In these experiments, the animals were extensively evaluated for virus and symptoms systemically and in the central nervous system. With 30 months of follow-up, no animal showed signs or symptoms of viral infection. No biochemical evidence of infection could be detected. Virus could not be recovered from the CSF, blood, or bucchal swabs. MR imaging at 4–5 months after injection showed no evidence of encephalitis. Taken together, these results strongly suggest that intracerebral injection of measles is safe.
A modified Edmonston strain measles virus has been investigated as a potential therapeutic agent for a number of tumor types. In particular, Galanis and co-workers7
have shown that the virus is effective against orthotopic models of GBM. In one study, 6 of 10 mice treated with modified measles virus survived more than 70 days compared with none of 8 surviving past 50 days when treated with UV-inactivated virus (P
These studies have led to the opening of a clinical trial using modified virus for the treatment of adult patients with recurrent GBM. The results presented here differ from those seen in the GBM model in that all of the treated mice in these experiments died. Only one of the treated mice had detectable tumor on histological examination, suggesting that the virus is very effective against the tumor.
Other oncolytic viruses have been explored as possible treatment modalities for medulloblastoma. Lun et al28
reported on the effects of treatment with reovirus in vitro and in an orthotopic model. Reovirus requires activated Ras protein for tumor cell killing. Five of 7 medulloblastoma cells lines were susceptible to killing by reovirus in vitro, and, as expected, susceptibility was related to the level of activated Ras expression in the tumor cells. Similarly, these investigators demonstrated an increased survival in animals injected with Daoy into the cerebellum and cerebrum and subsequently treated with a single or multiple injections of reovirus into the same site. These investigators used Daoy in their in vivo studies because the cell line was the most sensitive to reovirus killing in vitro. We chose to use D283med in the in vivo experiments presented here because this cell line had lower levels of measles virus receptor expression when compared with other medulloblastoma lines tested. In addition, the molecular biology of Daoy is not typical of medulloblastoma, as the cell line is wild-type p53 null and has homozygous deletion of p16.25–27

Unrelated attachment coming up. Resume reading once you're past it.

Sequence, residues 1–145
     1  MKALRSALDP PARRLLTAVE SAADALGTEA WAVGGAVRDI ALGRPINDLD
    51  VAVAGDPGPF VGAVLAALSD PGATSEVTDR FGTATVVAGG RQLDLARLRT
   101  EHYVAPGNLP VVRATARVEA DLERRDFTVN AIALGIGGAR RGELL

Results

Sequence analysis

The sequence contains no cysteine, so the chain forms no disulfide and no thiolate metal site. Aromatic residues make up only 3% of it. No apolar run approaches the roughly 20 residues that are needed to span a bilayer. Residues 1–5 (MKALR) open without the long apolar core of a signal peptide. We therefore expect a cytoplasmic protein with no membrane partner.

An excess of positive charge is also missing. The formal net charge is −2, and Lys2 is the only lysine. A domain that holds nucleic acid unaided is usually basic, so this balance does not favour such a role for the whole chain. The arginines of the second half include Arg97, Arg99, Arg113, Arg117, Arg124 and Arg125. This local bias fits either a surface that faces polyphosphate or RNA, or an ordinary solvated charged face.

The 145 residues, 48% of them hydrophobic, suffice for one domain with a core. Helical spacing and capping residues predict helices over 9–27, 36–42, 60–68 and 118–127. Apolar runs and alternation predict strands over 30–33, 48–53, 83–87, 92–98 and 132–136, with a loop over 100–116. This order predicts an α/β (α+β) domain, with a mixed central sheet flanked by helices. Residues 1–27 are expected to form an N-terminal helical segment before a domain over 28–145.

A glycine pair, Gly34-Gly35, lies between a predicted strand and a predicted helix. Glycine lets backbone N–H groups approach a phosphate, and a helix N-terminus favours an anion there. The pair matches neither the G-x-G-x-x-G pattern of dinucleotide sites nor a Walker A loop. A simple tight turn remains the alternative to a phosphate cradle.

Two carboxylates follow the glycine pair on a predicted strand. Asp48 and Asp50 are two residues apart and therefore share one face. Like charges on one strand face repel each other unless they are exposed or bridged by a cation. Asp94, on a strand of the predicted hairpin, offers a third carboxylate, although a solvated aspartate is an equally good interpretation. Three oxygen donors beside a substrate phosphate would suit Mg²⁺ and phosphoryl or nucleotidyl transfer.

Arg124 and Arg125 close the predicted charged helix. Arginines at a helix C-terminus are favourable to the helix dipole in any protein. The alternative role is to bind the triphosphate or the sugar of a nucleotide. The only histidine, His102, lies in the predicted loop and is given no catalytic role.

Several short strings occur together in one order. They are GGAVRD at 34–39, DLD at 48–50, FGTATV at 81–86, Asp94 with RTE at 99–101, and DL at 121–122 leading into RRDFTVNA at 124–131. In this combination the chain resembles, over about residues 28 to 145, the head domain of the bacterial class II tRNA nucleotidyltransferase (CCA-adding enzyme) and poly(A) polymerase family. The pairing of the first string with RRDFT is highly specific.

Because all surgical medulloblastoma specimens expressed the measles virus receptor, measles virus may have some advantages over reovirus, where some tumors may be resistant to cell killing.
In a previous study the use of myxoma virus as a therapeutic agent for medulloblastoma was explored.28
In that study 9 of 10 medulloblastoma cell lines were effectively killed in vitro by myxoma virus. Similarly, they found that treatment of medulloblastoma with myxoma virus in an orthotopic murine xenograft model resulted in a significant prolongation of survival. Because sensitivity to myxoma virus seems related to activated Akt expression and because medulloblastomas frequently contain activated Akt, this virus has promise as a potential therapy. Indeed, concurrent treatment of tumor-bearing animals with rapamycin and myxoma virus resulted in a better survival than seen with drug or virus alone.
One major impediment to the successful use of MV as an anticancer therapy is preexisting antiviral antibodies in immunized (essentially all) patients. However, we do not believe that neutralizing antibodies to MV will have a major effect on the clinical applicability of a single dose of virus for the treatment of medulloblastoma, as the antiviral immune response will take a longer time to become active than the time it takes for the virus to kill the cells. Additionally, in peripheral regions of the tumor, the blood-brain barrier is intact, which is not permeable to antibodies. In a study of the effect of 2 injections of measles virus 1 week apart in immunized macaques, no evidence of brain toxicity was noted.22
In a study evaluating MV antibody status in children with cancer, the findings suggested that cancer and its associated therapy interfered with antibody production in these children.29
However, if multiple episodes of MV treatment are necessary, novel approaches have recently been developed to address this issue. Cell-based carriers, such as mesenchymal stem cells, have been evaluated and are currently being used to deliver MV to tumor cells while protecting them from antibody neutralization.30
If the efficacy of MV therapy is determined to be insufficient due to neutralizing antibodies, then a cell carrier may be an option to circumvent the antibody response.
In summary, we have demonstrated that a modified measles virus has therapeutic potential in the treatment of intracerebral medulloblastoma. These results provide initial data to be pursued with additional studies with the goal of using the virus in a clinical trial for the treatment of medulloblastoma.
Conflict of interest statement. None declared.